A new Canadian study just appeared in the American Journal of Clinical Nutrition and is getting a bit of press. Participants were non-diabetic men, aged 18-50 (average age was 23) with a BMI between 19-29 (average was 25).
The men were either given caffeinated coffee or decaf coffee 1 hour before their breakfast. The ones that received caffeinated coffee were given an amount of Maxwell House Original Roast that provided an equivalent of 5 mg caffeine/kg. The average weight of the participants was 78.5kg so they got an average of 390mg caffeine* or about 2.5 cups of this coffee (which had 62g caffeine/100mL). The decaf group received an equivalent volume of decaf.
The participants were then given either a high glycemic index bowl of cereal – Crispex- or a low glycemic index breakfast- All Bran- with the same amount of milk. The amount of cereal was calculated so that both meals provided 75g carbohydrates.The subjects were randomly placed in all 4 groups with 1-2 weeks between them. 2 days before each trial, subjects were asked to not drink any caffeinated or alcoholic beverages or do any strenuous exercise.
As expected, blood glucose rose after they ate either meal. What was surprising, however, was that blood glucose rose significantly higher when the participants had the caffeinated coffee versus decaf- regardless of whether they had the low GI or high GI meal. At the same time, the caffeine made the people more resistant to insulin, causing their blood glucose to rise higher.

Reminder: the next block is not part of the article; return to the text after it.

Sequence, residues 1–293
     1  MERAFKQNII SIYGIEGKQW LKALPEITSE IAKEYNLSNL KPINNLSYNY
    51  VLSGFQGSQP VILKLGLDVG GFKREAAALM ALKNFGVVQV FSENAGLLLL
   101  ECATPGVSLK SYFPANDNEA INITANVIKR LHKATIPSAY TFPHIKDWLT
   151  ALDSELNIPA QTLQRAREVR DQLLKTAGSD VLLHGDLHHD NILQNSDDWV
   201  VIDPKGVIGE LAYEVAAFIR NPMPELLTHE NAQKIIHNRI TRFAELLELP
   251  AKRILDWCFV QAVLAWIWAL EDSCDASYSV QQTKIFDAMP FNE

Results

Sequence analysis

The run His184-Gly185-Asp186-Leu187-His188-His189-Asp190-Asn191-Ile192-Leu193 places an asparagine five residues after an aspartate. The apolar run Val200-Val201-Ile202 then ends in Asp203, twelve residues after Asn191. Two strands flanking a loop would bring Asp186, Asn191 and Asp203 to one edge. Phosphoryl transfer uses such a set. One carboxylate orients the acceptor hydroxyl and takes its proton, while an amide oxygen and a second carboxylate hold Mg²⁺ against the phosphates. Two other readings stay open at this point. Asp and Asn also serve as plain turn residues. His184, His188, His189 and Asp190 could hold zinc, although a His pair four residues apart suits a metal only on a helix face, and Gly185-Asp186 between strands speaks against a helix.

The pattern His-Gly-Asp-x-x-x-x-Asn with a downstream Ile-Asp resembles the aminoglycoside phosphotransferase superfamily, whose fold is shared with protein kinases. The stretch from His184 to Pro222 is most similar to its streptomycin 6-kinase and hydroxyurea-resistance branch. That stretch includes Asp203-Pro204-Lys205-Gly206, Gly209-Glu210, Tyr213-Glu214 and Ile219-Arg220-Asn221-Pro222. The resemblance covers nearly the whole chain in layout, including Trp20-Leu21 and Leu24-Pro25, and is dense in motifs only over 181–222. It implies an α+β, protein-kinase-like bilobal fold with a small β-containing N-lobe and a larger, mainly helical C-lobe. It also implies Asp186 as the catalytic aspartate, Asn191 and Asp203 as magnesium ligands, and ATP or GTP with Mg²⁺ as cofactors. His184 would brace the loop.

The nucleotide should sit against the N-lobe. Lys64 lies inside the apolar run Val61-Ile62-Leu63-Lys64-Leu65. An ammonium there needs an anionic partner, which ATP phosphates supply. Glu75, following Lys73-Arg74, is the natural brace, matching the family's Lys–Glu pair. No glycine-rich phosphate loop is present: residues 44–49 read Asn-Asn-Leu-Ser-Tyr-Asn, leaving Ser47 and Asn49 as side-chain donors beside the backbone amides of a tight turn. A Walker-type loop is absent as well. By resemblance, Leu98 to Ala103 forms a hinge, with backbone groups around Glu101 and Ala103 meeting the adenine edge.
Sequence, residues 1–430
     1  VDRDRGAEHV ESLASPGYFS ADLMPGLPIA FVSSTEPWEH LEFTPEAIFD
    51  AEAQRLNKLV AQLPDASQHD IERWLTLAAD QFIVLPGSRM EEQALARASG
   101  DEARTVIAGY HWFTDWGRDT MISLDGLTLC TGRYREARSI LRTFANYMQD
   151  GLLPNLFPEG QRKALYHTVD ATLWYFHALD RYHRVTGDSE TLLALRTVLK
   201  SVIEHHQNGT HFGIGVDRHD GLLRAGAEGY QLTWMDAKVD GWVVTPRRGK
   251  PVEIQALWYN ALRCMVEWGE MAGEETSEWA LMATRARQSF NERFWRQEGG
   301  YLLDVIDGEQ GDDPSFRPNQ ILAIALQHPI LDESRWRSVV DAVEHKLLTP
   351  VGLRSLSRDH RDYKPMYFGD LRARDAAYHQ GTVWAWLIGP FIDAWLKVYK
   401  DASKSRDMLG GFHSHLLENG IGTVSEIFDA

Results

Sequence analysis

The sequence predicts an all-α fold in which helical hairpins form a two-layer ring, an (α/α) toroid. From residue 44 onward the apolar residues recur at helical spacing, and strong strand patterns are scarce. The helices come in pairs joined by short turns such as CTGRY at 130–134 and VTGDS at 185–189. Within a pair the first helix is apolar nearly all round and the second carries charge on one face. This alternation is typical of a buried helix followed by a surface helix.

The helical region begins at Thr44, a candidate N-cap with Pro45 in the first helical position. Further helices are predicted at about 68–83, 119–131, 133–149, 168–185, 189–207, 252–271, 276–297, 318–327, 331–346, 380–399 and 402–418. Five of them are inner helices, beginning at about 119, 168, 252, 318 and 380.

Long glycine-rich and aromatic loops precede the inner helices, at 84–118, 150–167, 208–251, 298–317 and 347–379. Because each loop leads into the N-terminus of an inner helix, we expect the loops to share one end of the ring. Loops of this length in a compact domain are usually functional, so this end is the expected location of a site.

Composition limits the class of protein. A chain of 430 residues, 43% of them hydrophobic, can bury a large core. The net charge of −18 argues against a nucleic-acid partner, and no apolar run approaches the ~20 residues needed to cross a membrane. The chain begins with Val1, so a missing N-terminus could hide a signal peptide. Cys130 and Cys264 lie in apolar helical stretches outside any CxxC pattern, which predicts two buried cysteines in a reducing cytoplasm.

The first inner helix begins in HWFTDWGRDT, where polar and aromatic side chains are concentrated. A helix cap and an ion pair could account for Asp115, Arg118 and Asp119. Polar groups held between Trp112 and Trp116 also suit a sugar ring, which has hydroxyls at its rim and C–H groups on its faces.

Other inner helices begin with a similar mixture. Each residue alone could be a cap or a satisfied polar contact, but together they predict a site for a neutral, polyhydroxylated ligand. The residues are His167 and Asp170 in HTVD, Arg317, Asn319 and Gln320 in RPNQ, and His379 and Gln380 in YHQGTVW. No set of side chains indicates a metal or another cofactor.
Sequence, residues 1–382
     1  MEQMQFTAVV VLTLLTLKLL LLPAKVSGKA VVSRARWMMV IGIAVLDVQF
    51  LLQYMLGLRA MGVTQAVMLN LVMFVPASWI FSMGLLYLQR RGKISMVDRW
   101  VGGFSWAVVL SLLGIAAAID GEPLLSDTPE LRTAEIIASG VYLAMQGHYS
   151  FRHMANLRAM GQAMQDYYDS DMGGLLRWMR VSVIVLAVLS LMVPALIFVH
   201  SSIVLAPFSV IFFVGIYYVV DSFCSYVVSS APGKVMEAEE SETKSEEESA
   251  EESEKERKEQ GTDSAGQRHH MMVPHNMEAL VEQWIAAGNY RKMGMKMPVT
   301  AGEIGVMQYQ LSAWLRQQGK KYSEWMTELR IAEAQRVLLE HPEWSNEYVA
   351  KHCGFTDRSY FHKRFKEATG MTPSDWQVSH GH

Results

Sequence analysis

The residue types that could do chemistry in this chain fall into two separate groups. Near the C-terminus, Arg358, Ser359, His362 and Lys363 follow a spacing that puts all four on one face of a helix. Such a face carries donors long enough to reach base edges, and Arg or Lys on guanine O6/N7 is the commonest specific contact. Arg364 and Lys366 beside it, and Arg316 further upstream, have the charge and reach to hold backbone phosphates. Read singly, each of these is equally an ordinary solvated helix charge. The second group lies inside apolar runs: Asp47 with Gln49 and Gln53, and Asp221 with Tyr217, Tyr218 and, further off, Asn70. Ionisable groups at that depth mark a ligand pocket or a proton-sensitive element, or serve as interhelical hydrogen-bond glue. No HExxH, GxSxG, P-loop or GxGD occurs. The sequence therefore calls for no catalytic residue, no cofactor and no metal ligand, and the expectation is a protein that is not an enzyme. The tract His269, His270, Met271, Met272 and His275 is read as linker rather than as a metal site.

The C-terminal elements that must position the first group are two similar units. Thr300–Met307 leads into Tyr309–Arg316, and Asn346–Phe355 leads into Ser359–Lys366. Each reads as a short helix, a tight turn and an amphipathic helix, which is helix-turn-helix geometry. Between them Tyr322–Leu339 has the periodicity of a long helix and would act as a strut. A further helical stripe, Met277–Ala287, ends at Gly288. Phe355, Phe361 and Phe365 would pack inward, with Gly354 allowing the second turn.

According to the researchers, this is no big deal for healthy, non-diabetic people since their blood sugar will get back to normal automatically. However, they point out that “caffeine should be considered a dietary risk factor for blood sugar control” for people with diabetes and, as a result, they would benefit from drinking decaf coffee.
In my opinion, more research has to be done. There were only 10 participants, all men, enrolled in this study and none of them had diabetes. What would be the effect in people that were actually insulin resistant? Moreover, we all know caffeine affects everybody differently, especially if you're not used to having it. 2 of the 10 participants didn't normally drink coffee and the others were light to moderate caffeine consumers. This should be controlled in future studies.
If you do have diabetes, test your blood sugar before your meal and 2 hours after and check to see if there's a difference whether you drink decaf versus caffeinated coffee.
*Health Canada recommends an intake of less than 400mg caffeine/day, but <300mg class="MsoNormal">Sources: Moisey LL, Kacker S, Bickerton AC, Robinson LE, Graham T. Caffeinated coffee consumption impairs blood glucose homeostasis in response to high and low glycemic index meals in healthy men. Am J Clin Nutr 2008; 87:1254-61.